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View Full Version : age 66, first surgery, Scared !!!



dawn
01-04-2005, 02:41 PM
Hi Everyone and Happy, Healthy New Year !
I am 66 yrs, in good health, perfect weight, and contemplating surgery. I have an S curve with 38 thoracic, 68 lumbar. A little superficial numbness in upper part of my foot, one vertebra looks quite unstable, like a tower of single blocks with one vertebra that is 1/2 way off surrounding blocks. I have visited Dr. Boachie Adjei in NYC who suggested front and back in 2 separate surgeries. (1 year ago) I then visited Dr. Lawrence Lenke at Barnes Jewish in St. Louis MO, (just last month), he said one surgery front and back in a 9 hour surgery. I am pretty much pain free, have serious stenosis and do exercises that help immensely, I do not stand in one spot for more than 5 min. (that causes pain) I can walk for about 1 mile in the am and usually can do the same at noc.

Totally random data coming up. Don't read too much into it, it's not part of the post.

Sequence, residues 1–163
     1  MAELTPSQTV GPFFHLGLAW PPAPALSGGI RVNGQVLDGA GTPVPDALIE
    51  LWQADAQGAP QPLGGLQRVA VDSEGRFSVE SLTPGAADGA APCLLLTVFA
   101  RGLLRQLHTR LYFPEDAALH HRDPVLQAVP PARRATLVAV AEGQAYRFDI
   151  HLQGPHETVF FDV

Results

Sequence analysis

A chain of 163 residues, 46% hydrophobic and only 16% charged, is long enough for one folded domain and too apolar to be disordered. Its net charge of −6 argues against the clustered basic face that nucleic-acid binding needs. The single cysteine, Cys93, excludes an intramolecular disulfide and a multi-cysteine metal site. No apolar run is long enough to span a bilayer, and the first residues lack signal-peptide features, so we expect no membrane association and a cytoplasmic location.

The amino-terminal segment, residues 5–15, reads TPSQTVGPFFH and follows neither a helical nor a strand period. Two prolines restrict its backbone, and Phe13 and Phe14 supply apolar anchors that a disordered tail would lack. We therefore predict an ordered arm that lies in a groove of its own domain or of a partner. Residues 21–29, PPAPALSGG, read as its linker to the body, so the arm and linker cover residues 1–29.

My questions: Anyone had a similar surgery including L5-s1 fusion, also including fusion of all lumbar vertebrae, Lenke will not do the top curve. (Boachie also did not want to do top thoracic curve)
Anyone had Dr. Lenke as a surgeon, (he is listed as one of the top doctors in the USA.)
Please comment on what you think I should do? It is a tough decision, as the reason for doing this is the progression has been constant, and the longer I wait, the more risk of fusion not taking and of course all the other risks go up with age. I have no detectable osteoporosis at this time. Sorry this is so long
Thanks Dawn deblythe2002@yahoo.com if you wish to email directly to me.

SkiAnn
01-04-2005, 08:42 PM
Hi Dawn,

Of course, it's no secret that we can't make the decision for you; however, we can certainly share our personal experiences.